A fierce battle is brewing in Juneau over alcohol regulation.
One side, led by the bar, liquor store and restaurant lobby, says the Alcoholic Beverage Control Board is consumed by its police role and treats businesses selling alcohol like criminal organizations.
The other side includes public health officials and law enforcement, who oppose what they see as a weakening of the ABC Board's capabilities. A change proposed at the urging of the liquor lobby would simply move the board from one state agency to another, but the opponents say it is sorely misguided, considering the trouble that alcohol abuse causes across Alaska.
At issue: House Bill 125, which would transfer the ABC Board from the state Department of Public Safety to the Department of Commerce, Community, and Economic Development.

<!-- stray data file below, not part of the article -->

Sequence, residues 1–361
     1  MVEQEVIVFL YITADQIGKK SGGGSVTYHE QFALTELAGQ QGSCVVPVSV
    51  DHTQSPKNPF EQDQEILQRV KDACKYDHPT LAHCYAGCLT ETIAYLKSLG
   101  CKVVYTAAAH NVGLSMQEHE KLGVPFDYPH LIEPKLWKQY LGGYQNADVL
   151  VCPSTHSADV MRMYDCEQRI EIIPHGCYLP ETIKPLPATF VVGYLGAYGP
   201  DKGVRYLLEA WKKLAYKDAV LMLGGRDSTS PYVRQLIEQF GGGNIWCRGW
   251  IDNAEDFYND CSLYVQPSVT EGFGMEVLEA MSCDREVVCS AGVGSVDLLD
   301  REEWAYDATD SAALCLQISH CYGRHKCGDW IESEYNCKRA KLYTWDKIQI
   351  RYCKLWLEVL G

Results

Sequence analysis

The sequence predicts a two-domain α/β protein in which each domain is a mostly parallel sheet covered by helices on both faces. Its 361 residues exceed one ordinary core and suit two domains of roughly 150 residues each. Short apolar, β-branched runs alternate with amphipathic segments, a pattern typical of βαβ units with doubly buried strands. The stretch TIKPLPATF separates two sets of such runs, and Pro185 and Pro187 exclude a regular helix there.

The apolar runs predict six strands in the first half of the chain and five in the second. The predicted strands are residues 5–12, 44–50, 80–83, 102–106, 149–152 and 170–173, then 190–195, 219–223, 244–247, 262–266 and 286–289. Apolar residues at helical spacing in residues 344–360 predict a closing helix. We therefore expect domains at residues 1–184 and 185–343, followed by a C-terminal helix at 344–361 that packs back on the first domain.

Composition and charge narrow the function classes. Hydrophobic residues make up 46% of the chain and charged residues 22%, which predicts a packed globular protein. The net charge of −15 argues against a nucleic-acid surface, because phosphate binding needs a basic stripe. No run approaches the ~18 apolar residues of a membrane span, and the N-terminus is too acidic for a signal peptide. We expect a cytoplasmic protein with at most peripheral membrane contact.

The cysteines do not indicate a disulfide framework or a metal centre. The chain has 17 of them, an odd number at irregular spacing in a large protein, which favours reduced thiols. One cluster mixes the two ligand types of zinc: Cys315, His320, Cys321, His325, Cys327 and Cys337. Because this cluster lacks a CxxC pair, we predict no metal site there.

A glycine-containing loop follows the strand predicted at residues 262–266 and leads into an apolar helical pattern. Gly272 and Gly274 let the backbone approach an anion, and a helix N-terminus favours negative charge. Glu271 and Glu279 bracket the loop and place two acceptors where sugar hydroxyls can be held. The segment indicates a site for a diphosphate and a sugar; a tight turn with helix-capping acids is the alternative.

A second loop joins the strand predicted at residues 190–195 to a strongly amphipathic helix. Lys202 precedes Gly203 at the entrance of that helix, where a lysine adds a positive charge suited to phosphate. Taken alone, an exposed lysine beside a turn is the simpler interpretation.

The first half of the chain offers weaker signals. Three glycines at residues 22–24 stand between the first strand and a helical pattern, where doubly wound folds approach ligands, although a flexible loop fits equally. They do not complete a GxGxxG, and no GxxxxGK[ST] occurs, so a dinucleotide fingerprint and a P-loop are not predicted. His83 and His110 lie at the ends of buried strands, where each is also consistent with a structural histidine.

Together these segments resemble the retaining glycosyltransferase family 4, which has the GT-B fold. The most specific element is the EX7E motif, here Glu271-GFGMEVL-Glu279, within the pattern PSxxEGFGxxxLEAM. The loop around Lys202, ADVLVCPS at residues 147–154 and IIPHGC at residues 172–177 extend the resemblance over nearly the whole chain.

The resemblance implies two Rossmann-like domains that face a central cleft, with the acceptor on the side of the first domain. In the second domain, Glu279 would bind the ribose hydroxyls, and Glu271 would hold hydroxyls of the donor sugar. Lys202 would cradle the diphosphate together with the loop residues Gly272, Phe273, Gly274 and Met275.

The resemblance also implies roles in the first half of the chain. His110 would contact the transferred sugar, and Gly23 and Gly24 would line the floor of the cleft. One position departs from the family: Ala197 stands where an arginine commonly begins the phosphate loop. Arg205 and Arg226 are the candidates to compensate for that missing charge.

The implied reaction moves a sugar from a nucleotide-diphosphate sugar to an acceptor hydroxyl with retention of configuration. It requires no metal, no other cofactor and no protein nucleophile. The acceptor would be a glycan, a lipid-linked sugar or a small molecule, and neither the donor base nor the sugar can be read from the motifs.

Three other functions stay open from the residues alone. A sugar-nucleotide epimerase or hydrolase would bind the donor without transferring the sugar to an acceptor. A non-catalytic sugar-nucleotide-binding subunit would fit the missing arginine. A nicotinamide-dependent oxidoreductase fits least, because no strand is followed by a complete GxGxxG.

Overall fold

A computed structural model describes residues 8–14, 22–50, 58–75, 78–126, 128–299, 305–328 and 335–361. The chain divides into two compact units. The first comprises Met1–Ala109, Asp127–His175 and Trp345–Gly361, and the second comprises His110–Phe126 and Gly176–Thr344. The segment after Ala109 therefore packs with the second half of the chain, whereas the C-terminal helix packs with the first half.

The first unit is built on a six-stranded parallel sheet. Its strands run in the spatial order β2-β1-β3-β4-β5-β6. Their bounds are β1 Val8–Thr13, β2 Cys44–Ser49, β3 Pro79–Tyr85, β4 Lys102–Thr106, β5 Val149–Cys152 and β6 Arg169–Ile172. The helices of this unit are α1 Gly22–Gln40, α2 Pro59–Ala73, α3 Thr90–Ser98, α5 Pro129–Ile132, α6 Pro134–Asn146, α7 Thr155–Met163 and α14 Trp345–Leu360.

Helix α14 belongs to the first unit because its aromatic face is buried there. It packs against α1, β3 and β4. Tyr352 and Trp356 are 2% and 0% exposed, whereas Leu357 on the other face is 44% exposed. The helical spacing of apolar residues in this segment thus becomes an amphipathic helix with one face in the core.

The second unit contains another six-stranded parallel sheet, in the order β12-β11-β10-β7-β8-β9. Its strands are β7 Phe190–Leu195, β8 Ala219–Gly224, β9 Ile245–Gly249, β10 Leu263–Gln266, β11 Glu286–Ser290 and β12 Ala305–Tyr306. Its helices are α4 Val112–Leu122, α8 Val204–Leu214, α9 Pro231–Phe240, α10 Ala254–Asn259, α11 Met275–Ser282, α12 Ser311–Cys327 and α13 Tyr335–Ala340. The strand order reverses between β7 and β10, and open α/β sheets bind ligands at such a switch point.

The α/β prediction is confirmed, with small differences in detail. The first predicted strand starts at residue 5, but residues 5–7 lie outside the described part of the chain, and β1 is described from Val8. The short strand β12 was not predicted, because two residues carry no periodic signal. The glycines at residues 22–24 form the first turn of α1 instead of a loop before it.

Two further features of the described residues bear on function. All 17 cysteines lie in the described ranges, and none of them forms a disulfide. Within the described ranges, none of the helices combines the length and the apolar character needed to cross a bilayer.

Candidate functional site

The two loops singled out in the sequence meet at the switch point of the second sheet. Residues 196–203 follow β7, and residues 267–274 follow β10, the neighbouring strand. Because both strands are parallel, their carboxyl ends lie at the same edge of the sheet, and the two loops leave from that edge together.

The board regulates the sale, possession and manufacture of alcohol in Alaska. Its staff can investigate both criminal and civil cases, such as accusations of selling alcohol to a minor or employing bartenders who haven't completed required alcohol awareness training.
The measure wouldn't change the board's legal authority but both sides say it would send a message about the board's proper role.
"The bad guys need to be put in jail but we should not automatically presume that every purveyor of alcohol in the state of Alaska is part of a criminal conspiracy, which is very much how the attitude of the board has evolved," said state Rep. Mike Hawker, R-Anchorage and the chairman of the Legislative Budget and Audit Committee, which introduced the bill.
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